Cancer researchers are undoubtedly going to interact with pharmaceutical companies, that’s the nature of the beast. The non-disclosure, however, is a serious burden.
Non-disclosure of financial ties to pharmaceutical companies is sinister and nefarious. It is an egregious and despicable act that should be classified as dishonorable.
The hospital should temporarily remove Baselga from his CMO position immediately. He should be subject to a full and thorough investigation into his activity at Memorial Sloan Kettering.
But he won’t be.
Instead, Baselga is more likely to be the subject of another award than he is to be the subject of an investigation. He will endure scrutiny and thrive beyond it.
Don’t expect any campaigns outing bribed doctors to flood Twitter anytime soon.
Pharmaceutical Companies Own Every Aspect Of Our Health
Pharmaceutical and healthcare companies yield definable and immaculate powers. Our sickness is now part of a vast and growing profit margin. While two political ideologies vehemently argue over the state of healthcare, neither side eliminates the inhumanity of tainted research and disingenuous prescribing.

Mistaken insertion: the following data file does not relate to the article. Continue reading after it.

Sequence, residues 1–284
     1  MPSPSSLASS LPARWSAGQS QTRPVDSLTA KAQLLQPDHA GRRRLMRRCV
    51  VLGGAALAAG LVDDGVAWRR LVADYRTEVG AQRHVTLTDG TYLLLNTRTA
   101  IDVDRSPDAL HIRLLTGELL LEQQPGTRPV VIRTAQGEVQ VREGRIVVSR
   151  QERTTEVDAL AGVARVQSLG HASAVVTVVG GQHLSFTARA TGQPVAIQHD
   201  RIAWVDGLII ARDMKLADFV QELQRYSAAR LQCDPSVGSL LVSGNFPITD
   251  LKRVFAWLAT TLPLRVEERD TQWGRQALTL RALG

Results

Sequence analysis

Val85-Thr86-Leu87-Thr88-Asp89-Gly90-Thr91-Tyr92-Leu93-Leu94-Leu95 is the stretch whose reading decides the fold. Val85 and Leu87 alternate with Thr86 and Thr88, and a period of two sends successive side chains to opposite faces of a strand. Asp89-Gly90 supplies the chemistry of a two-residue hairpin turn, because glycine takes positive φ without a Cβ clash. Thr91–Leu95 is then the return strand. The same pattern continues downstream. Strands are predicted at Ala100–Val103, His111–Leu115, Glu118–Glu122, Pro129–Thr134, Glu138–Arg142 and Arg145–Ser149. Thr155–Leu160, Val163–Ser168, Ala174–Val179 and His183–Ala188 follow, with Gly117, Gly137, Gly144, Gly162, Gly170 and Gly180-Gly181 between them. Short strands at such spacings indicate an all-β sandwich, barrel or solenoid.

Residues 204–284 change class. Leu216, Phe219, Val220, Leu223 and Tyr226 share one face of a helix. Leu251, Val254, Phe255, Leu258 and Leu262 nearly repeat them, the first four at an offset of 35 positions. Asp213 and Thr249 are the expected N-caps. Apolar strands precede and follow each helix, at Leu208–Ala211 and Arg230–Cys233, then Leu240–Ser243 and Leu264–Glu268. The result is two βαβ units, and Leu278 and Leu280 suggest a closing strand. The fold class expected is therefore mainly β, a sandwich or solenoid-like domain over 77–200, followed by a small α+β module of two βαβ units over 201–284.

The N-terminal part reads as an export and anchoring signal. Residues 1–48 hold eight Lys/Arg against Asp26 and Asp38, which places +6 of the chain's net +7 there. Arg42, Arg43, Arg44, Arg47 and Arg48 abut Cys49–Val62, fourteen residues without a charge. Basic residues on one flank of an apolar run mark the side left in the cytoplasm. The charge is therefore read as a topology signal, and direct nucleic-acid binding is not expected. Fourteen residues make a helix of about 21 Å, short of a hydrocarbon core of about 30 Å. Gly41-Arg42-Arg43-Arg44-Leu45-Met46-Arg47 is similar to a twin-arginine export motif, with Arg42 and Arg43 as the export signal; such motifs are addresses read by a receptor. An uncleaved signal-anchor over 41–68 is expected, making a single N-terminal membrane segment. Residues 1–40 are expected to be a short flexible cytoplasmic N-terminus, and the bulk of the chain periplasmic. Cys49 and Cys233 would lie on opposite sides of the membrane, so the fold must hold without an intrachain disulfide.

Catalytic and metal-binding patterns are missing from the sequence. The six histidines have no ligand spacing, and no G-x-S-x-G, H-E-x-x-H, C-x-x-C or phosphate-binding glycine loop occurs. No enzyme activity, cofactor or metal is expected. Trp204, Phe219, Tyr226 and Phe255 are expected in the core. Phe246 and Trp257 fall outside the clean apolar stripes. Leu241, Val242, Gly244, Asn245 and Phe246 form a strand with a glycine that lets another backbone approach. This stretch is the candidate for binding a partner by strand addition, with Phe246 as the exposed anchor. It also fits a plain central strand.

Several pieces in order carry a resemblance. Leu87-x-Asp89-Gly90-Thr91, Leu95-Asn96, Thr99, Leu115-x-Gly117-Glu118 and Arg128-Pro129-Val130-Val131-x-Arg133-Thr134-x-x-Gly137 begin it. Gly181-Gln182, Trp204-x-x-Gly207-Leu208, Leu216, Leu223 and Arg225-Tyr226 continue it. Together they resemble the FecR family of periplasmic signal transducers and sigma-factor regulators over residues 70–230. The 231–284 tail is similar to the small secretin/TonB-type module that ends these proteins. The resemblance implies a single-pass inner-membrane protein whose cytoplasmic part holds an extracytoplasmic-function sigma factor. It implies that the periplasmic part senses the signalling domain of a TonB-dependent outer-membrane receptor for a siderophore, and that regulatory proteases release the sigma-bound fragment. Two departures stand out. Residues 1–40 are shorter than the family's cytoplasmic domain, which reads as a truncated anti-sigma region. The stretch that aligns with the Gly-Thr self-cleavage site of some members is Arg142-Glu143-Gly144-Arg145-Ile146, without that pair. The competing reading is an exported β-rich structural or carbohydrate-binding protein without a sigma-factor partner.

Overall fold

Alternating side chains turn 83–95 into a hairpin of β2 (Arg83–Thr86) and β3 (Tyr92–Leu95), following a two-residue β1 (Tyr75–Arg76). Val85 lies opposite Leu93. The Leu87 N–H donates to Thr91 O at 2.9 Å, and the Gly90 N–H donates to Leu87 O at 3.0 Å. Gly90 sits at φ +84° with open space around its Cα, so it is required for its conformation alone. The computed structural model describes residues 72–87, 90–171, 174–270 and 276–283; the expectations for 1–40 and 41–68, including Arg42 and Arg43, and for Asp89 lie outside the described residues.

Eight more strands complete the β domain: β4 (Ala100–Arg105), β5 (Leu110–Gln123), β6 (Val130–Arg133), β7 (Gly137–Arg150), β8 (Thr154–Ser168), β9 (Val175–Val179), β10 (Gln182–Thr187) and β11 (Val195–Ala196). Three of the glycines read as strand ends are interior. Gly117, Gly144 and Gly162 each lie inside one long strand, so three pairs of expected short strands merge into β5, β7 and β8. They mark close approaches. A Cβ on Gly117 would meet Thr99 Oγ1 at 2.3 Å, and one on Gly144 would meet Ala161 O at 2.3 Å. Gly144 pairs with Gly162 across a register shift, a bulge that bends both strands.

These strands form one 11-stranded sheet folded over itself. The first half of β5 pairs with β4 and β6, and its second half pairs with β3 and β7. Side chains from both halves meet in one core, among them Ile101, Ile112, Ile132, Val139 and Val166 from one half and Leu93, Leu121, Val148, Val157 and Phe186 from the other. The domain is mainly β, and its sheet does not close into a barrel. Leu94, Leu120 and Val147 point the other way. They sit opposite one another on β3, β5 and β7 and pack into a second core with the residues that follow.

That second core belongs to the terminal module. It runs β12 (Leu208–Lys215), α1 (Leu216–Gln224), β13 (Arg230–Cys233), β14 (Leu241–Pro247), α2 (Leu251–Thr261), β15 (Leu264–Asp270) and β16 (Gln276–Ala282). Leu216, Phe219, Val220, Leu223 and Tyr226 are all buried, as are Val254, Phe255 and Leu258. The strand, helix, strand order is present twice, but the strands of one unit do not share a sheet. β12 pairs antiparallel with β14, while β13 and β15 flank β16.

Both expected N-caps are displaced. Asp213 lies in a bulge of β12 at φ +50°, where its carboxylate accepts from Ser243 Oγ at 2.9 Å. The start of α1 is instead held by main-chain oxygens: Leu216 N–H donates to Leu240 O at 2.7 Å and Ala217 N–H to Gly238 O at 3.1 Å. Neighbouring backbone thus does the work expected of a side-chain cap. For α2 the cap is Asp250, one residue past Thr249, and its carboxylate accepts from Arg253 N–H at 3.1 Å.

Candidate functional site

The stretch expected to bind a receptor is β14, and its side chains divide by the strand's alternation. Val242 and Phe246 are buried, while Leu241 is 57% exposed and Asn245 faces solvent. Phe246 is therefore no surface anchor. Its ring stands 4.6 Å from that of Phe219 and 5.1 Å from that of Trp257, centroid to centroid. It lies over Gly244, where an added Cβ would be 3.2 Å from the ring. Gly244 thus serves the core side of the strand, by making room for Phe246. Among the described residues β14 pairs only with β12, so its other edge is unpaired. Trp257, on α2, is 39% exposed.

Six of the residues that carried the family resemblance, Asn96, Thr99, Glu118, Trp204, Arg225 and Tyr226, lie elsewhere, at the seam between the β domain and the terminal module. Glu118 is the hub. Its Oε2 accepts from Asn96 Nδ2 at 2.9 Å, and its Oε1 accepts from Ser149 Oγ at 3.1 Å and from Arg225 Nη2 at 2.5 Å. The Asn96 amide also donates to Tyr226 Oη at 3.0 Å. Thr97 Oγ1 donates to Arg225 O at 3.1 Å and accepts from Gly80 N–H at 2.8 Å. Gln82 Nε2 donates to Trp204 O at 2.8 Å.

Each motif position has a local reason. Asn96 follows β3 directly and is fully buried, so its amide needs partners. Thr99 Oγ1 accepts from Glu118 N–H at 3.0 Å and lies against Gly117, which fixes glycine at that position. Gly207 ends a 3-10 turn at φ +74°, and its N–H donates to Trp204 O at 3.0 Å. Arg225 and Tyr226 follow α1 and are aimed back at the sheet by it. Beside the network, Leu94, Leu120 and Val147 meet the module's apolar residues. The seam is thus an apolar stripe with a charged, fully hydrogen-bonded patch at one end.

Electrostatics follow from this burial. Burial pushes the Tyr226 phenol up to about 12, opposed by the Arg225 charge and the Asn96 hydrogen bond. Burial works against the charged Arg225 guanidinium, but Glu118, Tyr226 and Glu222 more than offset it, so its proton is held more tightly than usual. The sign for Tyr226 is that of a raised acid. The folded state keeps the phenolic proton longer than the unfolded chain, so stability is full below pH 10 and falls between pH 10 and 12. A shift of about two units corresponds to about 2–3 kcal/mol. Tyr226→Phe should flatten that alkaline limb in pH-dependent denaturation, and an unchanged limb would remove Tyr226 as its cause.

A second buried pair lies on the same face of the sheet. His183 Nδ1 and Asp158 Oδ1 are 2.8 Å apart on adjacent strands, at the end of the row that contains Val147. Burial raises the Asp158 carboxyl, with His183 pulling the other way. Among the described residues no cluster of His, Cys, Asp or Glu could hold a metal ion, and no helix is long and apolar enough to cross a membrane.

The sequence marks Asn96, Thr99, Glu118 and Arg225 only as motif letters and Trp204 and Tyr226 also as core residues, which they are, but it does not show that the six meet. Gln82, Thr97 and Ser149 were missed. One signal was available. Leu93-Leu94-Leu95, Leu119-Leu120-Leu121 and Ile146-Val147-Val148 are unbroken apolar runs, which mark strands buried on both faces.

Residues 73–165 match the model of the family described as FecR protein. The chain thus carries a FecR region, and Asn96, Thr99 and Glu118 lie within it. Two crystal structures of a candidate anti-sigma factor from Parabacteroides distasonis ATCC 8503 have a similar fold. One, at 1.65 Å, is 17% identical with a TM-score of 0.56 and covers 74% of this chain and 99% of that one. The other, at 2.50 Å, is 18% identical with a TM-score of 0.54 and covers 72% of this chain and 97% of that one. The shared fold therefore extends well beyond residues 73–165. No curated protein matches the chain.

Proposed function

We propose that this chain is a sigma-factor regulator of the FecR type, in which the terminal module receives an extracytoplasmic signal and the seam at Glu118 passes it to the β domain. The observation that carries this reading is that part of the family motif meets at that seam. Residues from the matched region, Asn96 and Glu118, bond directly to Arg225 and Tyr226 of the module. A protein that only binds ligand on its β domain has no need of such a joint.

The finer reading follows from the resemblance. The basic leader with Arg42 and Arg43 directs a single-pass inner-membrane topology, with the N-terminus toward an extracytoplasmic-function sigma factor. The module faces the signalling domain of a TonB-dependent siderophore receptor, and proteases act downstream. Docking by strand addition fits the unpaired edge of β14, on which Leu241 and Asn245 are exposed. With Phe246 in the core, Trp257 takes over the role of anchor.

Healthcare resolutions on both sides of the aisle hardly approach reductions in pharmaceutical bribes.
Pharmaceutical companies have helped society. No one is making any claims counter to that statement. But the disease of greed has naturally set in and our hospitals and medical professionals have often fallen victim to it.
When you sit in a pediatrician’s office and drug company logos are all over pens, magnets, mousepads, notepads, rugs, and coffee mugs, you should feel a bit unsettled. When you are in a doctor’s waiting room and a drug rep walks in and gives out free drug samples to the waiting room nurse, you should have a moment of realization.
The signs and indicators are, literally, covering the walls of our “trusted” medical offices.
Those we rely on have ultimately sacrificed us for their own betterment.
The Rise Of Alternative Medicine
extreme expense of modern health care and the growing distrust of medical professionals has given controversial rise to alternative therapies and medicines. The government is in an uneasy relationship with alternative healthcare, often blanketing categorically the same as fraudulent supplements.
Alternative medicine, good or bad, is now at war with mainstream medicine.
However, the push for alternative solutions will help to raise awareness of the real issue of research discrimination.
Pharmaceutical companies perform research only on medical solutions that will serve to bring them profits.
That’s capitalism and I’m not complaining.
But the fact is, the medical world leaves alternative therapies out in the cold. Much of their success and failure comes by way of empirical data and less from scientific research environments.
In other words, if it doesn’t make money, no one cares to truly test it.
That’s bad for all of us.
But it is good for prominent and wealthy doctors like Dr. Baselga.
Feature Photo by Christopher.Michel
Author: Jim Satney
PrepForThat’s Editor and lead writer for political, survival, and weather categories.